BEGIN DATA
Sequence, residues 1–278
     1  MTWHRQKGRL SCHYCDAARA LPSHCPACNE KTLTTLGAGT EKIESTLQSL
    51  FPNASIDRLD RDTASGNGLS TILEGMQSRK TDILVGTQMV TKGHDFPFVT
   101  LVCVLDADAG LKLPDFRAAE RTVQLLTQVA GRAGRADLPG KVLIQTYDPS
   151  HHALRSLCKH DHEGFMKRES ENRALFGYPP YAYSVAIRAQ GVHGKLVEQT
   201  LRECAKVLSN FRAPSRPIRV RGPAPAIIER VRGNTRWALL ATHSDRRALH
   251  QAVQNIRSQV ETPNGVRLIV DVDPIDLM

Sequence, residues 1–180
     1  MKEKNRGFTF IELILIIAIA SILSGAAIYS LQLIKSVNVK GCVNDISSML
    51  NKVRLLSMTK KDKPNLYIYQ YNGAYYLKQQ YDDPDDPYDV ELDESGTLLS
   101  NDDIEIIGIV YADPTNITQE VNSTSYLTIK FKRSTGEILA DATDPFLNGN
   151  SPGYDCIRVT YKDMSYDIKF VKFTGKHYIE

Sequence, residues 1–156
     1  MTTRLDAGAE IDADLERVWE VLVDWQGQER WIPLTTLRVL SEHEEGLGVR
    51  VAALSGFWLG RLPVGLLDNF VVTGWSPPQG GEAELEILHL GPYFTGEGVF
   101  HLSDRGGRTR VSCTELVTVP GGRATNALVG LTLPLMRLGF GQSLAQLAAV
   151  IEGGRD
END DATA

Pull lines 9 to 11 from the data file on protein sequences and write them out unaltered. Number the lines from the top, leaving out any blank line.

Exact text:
     1  MKEKNRGFTF IELILIIAIA SILSGAAIYS LQLIKSVNVK GCVNDISSML
    51  NKVRLLSMTK KDKPNLYIYQ YNGAYYLKQQ YDDPDDPYDV ELDESGTLLS
   101  NDDIEIIGIV YADPTNITQE VNSTSYLTIK FKRSTGEILA DATDPFLNGN